IZA DP No. 16051: Religious Barriers to Birth Control Access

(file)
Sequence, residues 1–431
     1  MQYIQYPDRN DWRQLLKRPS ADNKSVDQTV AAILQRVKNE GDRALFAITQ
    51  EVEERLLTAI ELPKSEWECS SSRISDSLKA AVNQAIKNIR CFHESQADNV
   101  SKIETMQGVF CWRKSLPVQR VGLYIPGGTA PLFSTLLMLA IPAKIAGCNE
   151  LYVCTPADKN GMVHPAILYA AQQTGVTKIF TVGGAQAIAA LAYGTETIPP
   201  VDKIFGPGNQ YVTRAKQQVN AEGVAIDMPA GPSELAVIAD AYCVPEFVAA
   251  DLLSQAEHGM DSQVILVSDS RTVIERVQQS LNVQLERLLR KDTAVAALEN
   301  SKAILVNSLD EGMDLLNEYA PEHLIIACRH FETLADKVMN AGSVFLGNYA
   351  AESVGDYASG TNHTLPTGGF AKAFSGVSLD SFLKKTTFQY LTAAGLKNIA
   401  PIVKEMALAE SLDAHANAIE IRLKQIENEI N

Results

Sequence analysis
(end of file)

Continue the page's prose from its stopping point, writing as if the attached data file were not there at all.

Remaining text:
This paper presents new causal evidence on the "power" of oral contraceptives in shaping women's lives, leveraging the 1970 liberalization of the Pill for minors in the Netherlands and demand- and supply-side religious preferences that affected Pill take-up. We analyze administrative data to demonstrate that, after Pill liberalization, minors from less conservative areas were more likely to delay fertility/marriage and to accumulate human capital in the long run. We then show how these large effects were eliminated for women facing a higher share of gatekeepers – general practitioners and pharmacists – who were opposed to providing the Pill on religious grounds.